Almost every major service that isn't part of a major internet provider seemed to be having issues. As such, Google and Facebook appeared to stay up – but almost everything else was down
Twitter is down again!
Twitter felt the sting of downtime Friday. In the two-hour window of the initial impact, it said, "various Twitter domains including twitter.com may have been inaccessible for users in some regions, due to failures resolving particular DNS hostnames."
In a denial-of-service attack, targeted computers get hit with an overwhelming volume of bogus data requests, which dramatically slows down access and in extreme cases can completely cut off legitimate traffic.
The outage, mainly affecting the northeast U.S., seems to have been brought on by a Distributed Denial of Service (DDoS) attack on Dyn, an Internet company that hosts a variety of widely used platforms, though it is currently unclear why this happened.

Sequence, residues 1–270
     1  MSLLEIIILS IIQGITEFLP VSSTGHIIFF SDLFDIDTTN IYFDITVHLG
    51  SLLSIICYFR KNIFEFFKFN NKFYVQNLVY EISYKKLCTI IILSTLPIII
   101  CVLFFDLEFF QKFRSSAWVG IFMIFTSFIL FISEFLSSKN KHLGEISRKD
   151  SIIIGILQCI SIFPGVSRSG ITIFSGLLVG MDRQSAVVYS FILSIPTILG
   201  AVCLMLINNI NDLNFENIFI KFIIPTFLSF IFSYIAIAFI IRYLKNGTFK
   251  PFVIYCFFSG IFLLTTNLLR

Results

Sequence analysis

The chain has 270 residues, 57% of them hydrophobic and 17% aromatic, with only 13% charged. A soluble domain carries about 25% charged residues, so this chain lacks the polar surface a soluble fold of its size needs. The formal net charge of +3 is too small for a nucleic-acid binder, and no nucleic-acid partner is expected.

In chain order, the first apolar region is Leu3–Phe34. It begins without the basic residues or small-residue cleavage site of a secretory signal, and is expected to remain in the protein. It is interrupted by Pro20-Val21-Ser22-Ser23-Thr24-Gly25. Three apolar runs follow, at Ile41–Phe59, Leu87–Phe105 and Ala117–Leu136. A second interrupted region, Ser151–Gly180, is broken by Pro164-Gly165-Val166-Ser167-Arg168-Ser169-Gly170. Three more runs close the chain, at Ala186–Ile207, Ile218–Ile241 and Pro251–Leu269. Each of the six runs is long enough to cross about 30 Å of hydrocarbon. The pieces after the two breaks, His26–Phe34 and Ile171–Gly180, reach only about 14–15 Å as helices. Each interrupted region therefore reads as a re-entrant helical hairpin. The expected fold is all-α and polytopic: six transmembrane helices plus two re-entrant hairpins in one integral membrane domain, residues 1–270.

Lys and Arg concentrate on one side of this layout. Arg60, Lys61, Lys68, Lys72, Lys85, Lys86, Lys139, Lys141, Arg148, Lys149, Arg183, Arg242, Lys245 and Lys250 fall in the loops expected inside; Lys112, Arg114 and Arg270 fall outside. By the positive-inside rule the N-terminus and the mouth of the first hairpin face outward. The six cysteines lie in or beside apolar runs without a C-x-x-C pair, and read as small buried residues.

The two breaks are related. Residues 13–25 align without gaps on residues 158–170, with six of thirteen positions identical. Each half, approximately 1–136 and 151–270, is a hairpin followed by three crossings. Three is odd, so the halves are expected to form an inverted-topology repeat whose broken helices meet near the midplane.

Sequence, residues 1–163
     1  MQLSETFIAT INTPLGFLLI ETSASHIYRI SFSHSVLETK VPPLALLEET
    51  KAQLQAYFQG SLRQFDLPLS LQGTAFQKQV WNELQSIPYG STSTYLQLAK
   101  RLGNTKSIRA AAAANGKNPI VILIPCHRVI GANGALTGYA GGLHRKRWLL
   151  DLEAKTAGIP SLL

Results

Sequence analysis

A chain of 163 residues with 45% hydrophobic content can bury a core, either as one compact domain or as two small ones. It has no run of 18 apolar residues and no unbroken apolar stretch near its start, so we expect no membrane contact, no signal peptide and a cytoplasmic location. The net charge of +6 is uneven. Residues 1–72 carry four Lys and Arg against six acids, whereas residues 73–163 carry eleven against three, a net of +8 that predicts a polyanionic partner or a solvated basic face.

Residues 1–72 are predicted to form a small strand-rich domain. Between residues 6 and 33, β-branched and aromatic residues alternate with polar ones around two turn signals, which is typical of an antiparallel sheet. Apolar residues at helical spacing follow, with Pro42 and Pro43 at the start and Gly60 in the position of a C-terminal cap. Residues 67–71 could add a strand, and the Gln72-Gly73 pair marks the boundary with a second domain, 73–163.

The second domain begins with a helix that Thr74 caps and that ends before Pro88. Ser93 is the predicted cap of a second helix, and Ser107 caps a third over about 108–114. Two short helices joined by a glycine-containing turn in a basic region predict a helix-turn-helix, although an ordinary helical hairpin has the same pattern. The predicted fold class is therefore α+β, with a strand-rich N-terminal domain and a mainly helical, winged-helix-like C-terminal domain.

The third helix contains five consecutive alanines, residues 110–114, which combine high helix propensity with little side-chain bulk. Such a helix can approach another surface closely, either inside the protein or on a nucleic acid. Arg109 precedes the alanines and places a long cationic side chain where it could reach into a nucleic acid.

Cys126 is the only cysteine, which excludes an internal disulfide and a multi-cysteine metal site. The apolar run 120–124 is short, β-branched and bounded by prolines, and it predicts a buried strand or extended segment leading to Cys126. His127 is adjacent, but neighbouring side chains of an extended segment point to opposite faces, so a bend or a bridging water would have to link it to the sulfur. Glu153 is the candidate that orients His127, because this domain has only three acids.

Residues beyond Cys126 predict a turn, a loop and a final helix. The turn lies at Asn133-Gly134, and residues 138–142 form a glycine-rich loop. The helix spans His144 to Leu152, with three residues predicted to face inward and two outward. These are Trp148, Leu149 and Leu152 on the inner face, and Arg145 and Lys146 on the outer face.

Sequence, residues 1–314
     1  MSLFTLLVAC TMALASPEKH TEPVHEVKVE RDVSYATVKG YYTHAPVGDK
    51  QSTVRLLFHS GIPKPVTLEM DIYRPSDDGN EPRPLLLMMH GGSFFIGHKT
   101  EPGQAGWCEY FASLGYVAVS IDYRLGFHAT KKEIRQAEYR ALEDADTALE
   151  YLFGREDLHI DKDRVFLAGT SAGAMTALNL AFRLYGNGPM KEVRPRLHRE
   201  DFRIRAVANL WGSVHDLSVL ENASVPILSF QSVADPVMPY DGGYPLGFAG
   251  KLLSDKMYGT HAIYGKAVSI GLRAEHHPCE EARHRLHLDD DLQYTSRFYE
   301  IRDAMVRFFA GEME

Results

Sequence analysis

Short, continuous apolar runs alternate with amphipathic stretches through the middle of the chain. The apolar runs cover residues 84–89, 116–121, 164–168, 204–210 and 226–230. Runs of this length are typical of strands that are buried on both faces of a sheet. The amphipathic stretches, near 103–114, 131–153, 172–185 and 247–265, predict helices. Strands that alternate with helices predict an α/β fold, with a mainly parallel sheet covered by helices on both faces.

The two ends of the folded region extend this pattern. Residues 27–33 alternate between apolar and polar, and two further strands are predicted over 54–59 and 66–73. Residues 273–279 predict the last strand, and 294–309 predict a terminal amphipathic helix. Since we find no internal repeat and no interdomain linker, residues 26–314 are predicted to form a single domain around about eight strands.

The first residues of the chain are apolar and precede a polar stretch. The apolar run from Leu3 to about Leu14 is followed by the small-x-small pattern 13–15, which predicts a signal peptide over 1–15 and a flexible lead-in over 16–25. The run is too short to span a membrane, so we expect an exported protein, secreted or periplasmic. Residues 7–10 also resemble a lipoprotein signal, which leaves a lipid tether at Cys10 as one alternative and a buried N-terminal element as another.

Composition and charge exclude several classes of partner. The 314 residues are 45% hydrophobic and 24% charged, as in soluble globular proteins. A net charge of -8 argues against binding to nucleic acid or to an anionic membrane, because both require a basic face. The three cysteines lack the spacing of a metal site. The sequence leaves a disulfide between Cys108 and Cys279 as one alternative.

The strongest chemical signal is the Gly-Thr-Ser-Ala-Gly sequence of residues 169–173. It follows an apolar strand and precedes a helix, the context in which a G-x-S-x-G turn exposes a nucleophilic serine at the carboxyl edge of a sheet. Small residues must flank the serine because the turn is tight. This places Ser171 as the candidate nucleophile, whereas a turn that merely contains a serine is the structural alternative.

Writing on its website Friday morning, Dyn said it had been the subject of an attack, adding that “some customers may experience increased DNS query latency and delayed zone propagation during this time.” Service has since been restored, according to DNS status reports.
Dyn, the affected company, indicated earlier that the issue had been fixed. But then it reported again that it had "begun monitoring and mitigating a DDoS attack against our Dyn Managed DNS infrastructure. Our Engineers are continuing to work on mitigating this issue".
It still isn't clear where that cyber attack originated or when or how it was likely to stop.
A list of major websites who have been affected:
and even service providers including Comcast, Cox, Time Warner Cable and AT&T were also affected.
and several other platforms appeared to go dark or experience problems
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